Data projectors and front projection TVs are remarkably similar. In fact, many data projectors and front projection TVs come from the same manufacturers, are driven by the same technology and have many of the same features. But data projectors aren’t typically meant to be used interchangeably with a front projection TV. It is possible—but there are a couple reasons why you might not want to.
Data projectors for business and conference room purposes are much less expensive than front projection TVs. There are some good reasons for that, almost all of which have to do with the quality of the picture.
In terms of cost, LCoS is the most expensive, DLP is the next most expensive and LCD is the least expensive. Guess which one usually gets outfitted for data projectors? LCD projectors are usually not as good at reproducing true black and darker colors, which is a non-issue for static displays and PowerPoint presentations. LCD has been getting, however. Also, ultraportable (or “pico”) projectors will usually be DLP projectors.
The one issue that might bother you with a DLP projector is that it sometimes creates a “rainbow effect”—or, a flash of color that’s visible to viewers when they move their eyes quickly across bright objects that are set on a darker background. Most viewers won’t notice, but remember: if you are presenting to seasoned business men and women, chances are they’ve seen thousands of presentations and are exactly the type of people who will notice (and be bothered by) the rainbow effect caused by a lower-end DLP projector.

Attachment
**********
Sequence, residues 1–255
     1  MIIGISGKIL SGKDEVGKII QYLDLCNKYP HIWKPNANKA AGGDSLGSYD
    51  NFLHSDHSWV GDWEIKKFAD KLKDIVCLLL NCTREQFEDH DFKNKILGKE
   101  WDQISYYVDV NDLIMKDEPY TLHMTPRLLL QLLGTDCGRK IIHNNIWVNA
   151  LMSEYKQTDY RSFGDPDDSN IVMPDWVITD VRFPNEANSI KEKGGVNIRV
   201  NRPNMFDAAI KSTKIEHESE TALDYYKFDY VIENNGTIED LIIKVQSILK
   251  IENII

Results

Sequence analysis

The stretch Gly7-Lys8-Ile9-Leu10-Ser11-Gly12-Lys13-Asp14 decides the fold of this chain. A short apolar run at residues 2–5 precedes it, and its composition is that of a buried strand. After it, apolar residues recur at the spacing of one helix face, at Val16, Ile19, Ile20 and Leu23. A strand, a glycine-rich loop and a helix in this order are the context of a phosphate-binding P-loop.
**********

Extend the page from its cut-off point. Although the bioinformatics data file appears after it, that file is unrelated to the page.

The ability to tweak the aspect ratio between 4:3 and 16:9 is a feature usually reserved for projection TVs. This is to help you compensate for wide screens or standard sized screens.
Projection TVs will have higher resolutions in the 1080p range. You won’t usually find resolutions that high in a data projector, and you won’t usually need a resolution that high. What’s the point of a PowerPoint presentation in HD?
This is the main difference between data projectors and projection TVs. Data projectors are usually optimized for portability—in fact, they make projectors small enough to slip into your front pocket. Granted, older data projectors may still need a cart to transport around the office, but typically, data projectors have become smaller and more efficient. Projection TVs, on the other hand, are not meant to be moved around. They may be fixed permanently to the ceiling or as part of an entertainment system.
So, does it make sense to try to save money by using your projection TV as a data projector or vice versa? For most purposes, not really. Projection TVs are overkill for business presentations and are hard to lug around. Plus, they’ll be expensive to replace if they get broken or damaged during travel. Data projectors, on the other hand, don’t usually have high enough contrast, gain, resolution and aspect ratio settings in order to reproduce a sufficient picture for everyday TV or Blu-ray watching.